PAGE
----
, or you can make your own equivalent of the Bijou with an old Altoid tin, some spray enamel paint, and some extra half pans.
Water Cup and Rags
I keep a second jar with clear water handy, and often just a regular drinking water bottle, and I use an old plastic "Tupperware" basin or yogurt cup for a brush cleaning bucket when I'm painting with the tripod easel.
I cut up old cotton T-shirts for paint rags, or use paper restaurant napkins or paper towels.
Here's a good inexpensive starter set of brushes: Richeson Sable Hair Watercolor Brush Set/5
I like sable flat brushes, such as:1/2-Inch Sable Brush3/4-Inch Sable Brush
I also use a 1/4-Inch Synthetic Watercolor Flat Brush
, which work well for architectural detail.
For laying bigger washes and wetting the paper, a Cat's Tongue Wash Brush
is a good tool. It has a flattened ferrule similar to a filbert brush.
Round Kolinsky sables (note: some brands may become discontinued in the U.S. as the Kolinsky ban
exhausts stock on hand):Winsor and Newton Series 7 Richeson Siberian Kolinsky brushesEscoda Optimo KolinskyDa Vinci Maestro Series Kolinsky Red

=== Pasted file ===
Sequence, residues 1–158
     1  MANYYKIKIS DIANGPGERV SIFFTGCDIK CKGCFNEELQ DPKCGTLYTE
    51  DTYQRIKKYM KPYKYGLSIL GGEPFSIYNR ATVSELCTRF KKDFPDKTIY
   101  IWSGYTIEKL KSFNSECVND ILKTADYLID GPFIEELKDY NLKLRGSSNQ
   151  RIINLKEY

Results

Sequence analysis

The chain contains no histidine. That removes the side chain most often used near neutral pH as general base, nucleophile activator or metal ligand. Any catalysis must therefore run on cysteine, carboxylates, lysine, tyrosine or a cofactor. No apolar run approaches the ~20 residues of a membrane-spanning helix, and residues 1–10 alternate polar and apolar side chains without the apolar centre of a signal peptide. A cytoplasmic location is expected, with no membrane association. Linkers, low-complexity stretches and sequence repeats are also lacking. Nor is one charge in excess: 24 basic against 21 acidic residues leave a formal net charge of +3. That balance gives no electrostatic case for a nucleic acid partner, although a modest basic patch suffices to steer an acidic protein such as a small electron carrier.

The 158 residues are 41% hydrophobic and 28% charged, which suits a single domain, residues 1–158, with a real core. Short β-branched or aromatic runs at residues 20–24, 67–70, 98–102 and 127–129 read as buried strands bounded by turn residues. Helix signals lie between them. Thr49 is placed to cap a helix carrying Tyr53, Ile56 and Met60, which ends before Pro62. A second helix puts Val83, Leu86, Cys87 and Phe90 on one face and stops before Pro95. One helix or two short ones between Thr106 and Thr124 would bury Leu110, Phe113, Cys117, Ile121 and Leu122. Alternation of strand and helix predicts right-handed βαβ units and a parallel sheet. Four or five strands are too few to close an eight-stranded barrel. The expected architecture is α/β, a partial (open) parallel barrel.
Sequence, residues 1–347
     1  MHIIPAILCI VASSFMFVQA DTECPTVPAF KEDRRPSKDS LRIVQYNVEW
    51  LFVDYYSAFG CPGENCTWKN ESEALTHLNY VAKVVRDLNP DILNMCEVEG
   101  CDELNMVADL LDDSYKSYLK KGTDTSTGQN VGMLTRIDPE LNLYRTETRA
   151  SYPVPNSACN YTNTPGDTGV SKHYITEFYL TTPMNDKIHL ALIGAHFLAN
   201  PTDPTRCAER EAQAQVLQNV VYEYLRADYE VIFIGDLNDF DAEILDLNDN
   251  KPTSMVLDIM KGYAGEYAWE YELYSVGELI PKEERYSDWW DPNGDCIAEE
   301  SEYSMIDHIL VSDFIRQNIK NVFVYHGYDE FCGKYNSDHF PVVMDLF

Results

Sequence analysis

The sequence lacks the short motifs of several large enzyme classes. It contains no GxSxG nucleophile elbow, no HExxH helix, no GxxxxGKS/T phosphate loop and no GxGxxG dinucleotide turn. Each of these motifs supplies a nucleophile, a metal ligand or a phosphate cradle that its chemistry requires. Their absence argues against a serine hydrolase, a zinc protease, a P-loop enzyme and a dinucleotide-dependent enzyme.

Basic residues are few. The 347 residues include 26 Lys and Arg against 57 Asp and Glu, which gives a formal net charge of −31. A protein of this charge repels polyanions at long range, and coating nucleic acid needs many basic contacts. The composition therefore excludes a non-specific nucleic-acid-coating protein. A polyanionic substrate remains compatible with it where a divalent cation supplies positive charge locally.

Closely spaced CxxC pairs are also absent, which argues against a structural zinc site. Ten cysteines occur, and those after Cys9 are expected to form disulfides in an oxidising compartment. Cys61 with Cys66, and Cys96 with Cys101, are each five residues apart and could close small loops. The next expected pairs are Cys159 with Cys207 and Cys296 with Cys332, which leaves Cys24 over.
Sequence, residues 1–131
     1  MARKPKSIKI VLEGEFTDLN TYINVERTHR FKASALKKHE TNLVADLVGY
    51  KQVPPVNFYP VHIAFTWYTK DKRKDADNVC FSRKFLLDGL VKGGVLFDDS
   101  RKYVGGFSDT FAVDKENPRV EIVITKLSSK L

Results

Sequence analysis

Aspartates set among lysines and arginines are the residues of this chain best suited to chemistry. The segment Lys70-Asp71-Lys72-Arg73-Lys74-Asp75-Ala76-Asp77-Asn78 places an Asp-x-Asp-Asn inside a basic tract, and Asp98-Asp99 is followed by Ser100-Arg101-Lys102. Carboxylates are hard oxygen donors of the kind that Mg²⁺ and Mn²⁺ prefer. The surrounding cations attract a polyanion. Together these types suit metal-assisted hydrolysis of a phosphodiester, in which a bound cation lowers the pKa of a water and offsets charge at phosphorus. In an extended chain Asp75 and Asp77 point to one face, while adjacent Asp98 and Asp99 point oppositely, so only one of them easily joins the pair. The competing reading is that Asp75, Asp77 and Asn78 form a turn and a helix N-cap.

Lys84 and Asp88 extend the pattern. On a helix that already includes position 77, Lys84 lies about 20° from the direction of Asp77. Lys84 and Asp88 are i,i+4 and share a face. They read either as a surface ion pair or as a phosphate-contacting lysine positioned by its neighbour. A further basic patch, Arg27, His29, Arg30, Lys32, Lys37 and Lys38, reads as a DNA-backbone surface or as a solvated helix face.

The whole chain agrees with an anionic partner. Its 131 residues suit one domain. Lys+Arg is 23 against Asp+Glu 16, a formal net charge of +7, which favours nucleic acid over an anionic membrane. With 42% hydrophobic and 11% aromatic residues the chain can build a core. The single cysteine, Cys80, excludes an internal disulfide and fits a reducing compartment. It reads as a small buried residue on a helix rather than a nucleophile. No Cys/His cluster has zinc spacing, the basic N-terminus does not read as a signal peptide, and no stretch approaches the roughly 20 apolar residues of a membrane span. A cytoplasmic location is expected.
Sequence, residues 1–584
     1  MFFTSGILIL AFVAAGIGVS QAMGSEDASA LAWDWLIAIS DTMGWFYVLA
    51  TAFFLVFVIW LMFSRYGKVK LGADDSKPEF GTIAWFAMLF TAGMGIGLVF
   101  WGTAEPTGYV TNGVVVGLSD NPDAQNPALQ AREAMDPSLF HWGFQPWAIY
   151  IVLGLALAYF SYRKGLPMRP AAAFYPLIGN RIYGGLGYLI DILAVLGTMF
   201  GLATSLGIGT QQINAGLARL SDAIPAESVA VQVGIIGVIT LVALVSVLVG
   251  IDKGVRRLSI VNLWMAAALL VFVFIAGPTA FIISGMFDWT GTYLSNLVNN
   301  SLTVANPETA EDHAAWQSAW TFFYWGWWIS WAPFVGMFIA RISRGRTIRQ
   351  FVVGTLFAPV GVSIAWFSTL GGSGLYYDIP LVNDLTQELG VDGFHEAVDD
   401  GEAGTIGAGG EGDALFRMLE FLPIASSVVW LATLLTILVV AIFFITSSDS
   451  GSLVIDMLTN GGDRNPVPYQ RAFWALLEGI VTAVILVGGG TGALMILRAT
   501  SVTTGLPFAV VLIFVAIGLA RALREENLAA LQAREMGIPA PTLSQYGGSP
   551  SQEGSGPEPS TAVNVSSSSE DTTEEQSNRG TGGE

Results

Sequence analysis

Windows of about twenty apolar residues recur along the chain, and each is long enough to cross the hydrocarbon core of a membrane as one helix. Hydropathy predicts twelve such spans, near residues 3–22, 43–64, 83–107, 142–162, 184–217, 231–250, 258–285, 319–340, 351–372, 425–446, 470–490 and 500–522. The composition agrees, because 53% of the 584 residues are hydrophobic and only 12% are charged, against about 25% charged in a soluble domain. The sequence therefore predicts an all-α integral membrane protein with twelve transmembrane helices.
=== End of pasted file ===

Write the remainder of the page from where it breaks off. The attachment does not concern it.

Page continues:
If you have a very compact kit and can't carry a box of brushes, you might want to use a Sable Round Travel Brush
, which safely stows the brush tip inside the handle.
I always try to carry four Niji Water Brushes with large round tips
. They're the best brand I've found, and stand up to a lot of hard use. For info about filling them with ink, please scroll farther down this post.
I also carry a tube of
white gouache, such as Holbein Permanent White Gouache
. Winsor and Newton
is also good. Sometimes I bring a whole set of gouache colors
to supplement the transparent watercolors, but gouache will be the topic of future posts.
Here's a 2-Inch Plastic Clamp
and a 3.75-inch Clamp
. Of all the clips and clamps that I've tried, these seem to be the most versatile for holding the book open or clipping the watercolor box to the easel.
I use a Kum Pencil Sharpener
, which not only catches the shavings, but also has a little flap that covers the hole, so the shavings don't leak out and pollute the pages of the sketchbook.
Water-Soluble Colored Pencils
These add a lot of options and variations to traditional watercolors. I recommend trying a few test pencils from several different brands to see which ones you like. My favorite brand is Caran D'ache Supracolor
, but I also like Derwent Inktense Pencils
for rich, saturated colors.
I started with a Caran d'Ache Supracolor Set of 18